Towards implementation of quantum noise reduction schemes in 3rd generation gravitational wave detectors

Jones, Philip ORCID: 0000-0001-7923-1415 (2022). Towards implementation of quantum noise reduction schemes in 3rd generation gravitational wave detectors. University of Birmingham. Ph.D.

Text - Accepted Version
Available under License All rights reserved.

Download (3MB) | Preview


Since the initial detection of gravitational waves in 2015, a slow and steady stream of events has been recorded. The next step is to detect more and weaker sources, probing deeper into the universe. In order to do so, our interferometers must be pushed to even greater extremes, to suppress the noise that would otherwise obscure such faint signals.

Quantum noise is perhaps the most fundamental source of noise in a laser interferometer. Arising from the inherent uncertainty in the amplitude and phase of any light source, it limits the sensitivity of all current and proposed future interferometers, especially at higher signal frequencies. The second generation detectors currently in use, such as Advanced LIGO and Virgo, are operating around the standard quantum limit---the maximum sensitivity that can be reached by employing classical techniques. For future upgrades and new detectors, advanced quantum techniques must be employed to further increase sensitivity. Advanced LIGO has already demonstrated its ability to surpass the standard quantum limit over a small range of frequencies by making use of squeezed states of light, and future improvements will increase the magnitude and frequency range of this sensitivity enhancement.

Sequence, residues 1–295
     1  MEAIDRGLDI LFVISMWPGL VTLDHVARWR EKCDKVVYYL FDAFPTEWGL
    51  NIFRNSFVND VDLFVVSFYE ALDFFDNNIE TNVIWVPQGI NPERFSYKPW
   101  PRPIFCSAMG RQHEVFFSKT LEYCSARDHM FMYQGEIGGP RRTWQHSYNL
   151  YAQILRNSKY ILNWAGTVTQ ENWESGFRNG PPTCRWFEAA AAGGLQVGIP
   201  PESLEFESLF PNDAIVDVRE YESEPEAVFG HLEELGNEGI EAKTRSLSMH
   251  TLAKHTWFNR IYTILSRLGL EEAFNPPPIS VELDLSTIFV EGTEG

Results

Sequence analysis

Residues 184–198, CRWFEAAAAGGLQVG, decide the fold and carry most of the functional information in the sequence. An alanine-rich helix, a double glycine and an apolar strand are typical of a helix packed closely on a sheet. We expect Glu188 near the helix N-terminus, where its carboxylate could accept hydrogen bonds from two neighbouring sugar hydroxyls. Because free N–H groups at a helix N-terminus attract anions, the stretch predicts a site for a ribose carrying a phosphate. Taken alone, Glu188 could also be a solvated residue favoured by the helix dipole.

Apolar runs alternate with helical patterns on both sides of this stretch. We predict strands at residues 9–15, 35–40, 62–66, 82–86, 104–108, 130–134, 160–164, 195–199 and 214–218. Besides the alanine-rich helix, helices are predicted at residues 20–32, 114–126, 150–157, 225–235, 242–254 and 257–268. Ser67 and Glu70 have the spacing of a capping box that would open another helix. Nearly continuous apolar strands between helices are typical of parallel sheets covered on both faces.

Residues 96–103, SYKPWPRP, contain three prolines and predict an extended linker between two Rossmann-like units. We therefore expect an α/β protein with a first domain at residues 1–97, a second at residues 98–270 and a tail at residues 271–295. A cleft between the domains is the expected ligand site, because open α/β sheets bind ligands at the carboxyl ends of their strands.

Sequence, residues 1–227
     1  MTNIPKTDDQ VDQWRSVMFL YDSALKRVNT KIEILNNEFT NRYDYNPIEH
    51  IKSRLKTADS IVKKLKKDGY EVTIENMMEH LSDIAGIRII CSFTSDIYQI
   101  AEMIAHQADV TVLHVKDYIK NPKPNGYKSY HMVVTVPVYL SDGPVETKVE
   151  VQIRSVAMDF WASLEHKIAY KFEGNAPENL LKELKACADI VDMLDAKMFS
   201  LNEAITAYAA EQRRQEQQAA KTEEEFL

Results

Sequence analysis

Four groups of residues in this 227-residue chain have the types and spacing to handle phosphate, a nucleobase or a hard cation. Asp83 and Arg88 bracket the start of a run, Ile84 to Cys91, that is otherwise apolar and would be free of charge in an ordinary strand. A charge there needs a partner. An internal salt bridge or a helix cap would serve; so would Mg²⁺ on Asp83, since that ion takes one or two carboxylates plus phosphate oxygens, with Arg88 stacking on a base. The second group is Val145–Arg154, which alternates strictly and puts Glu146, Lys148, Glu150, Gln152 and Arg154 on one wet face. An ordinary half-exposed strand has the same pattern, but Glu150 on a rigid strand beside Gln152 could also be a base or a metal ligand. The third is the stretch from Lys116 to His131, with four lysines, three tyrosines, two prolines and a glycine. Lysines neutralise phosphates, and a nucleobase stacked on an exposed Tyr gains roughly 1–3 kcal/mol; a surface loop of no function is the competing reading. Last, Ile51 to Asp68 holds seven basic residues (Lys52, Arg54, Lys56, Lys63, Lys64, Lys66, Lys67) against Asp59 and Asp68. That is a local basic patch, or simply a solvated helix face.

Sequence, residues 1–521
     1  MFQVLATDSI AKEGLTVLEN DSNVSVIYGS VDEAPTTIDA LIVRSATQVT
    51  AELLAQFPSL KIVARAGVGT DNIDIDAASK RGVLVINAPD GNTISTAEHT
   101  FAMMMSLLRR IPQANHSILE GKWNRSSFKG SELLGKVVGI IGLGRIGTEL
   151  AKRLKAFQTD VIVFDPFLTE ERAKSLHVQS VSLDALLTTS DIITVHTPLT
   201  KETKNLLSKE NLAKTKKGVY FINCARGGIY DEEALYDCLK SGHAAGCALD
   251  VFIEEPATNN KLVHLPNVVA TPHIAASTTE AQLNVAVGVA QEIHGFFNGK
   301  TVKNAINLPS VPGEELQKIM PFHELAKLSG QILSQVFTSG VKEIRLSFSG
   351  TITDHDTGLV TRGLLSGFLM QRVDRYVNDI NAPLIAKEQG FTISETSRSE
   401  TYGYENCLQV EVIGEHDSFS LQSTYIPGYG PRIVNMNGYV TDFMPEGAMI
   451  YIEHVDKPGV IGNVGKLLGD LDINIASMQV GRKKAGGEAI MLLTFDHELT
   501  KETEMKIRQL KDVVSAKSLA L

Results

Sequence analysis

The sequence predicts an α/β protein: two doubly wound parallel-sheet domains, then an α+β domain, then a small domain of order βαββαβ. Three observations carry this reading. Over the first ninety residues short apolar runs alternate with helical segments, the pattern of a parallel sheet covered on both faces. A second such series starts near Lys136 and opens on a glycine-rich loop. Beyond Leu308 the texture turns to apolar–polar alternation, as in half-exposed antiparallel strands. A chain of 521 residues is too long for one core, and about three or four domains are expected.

In this thesis, I will detail my work on these quantum techniques, aimed particularly at the upcoming third generation of gravitational wave detectors. This covers a wide variety of topics: different arrangements of filter cavities for improved squeezing, an alternate detection scheme that reduces both quantum and more technical noises, a mechanism that operates via complex optomechanical interactions, and more. In each of these subjects, my role has largely been to perform validation of new ideas and techniques, and to investigate the effects of varying detector parameters on the proposed scheme. To this end, I have made extensive use of a numerical frequency domain interferometer simulation tool known as finesse.

Widely used throughout the interferometer community, finesse allows the fast and accurate modelling of optical layouts. Certain advanced techniques, however, were beyond finesse's capabilities when I started my work. This thesis therefore also describes my contributions towards a full rewrite of this tool, called finesse 3. I performed a complete reimplementation of the quantum noise calculations in finesse 3, and added features necessary to model new and exciting ideas. I will explain the mathematics that finesse 3 uses to simulate interferometers, before finally giving a broader overview of its design, usage, and the great potential it has to allow investigation of ever more complex techniques for the foreseeable future.

Type of Work: Thesis (Doctorates > Ph.D.)
Award Type: Doctorates > Ph.D.
Licence: All rights reserved
College/Faculty: Colleges (2008 onwards) > College of Engineering & Physical Sciences
School or Department: School of Physics and Astronomy
Funders: Science and Technology Facilities Council
Subjects: Q Science > QB Astronomy
Q Science > QC Physics


Request a Correction Request a Correction
View Item View Item


Downloads per month over past year